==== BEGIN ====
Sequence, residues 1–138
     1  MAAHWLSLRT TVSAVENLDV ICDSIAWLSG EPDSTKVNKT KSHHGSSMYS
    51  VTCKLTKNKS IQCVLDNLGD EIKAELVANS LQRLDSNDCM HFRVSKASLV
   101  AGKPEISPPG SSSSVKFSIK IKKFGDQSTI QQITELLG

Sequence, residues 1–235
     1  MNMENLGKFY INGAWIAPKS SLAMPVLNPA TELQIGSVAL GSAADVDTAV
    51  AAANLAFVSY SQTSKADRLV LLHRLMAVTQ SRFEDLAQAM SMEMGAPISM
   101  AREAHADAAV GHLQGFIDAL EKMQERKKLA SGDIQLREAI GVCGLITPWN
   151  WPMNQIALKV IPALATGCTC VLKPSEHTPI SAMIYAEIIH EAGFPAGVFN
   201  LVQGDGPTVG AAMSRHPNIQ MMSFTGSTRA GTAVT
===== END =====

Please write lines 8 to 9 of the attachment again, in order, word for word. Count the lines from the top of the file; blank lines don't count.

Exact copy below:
   101  AREAHADAAV GHLQGFIDAL EKMQERKKLA SGDIQLREAI GVCGLITPWN
   151  WPMNQIALKV IPALATGCTC VLKPSEHTPI SAMIYAEIIH EAGFPAGVFN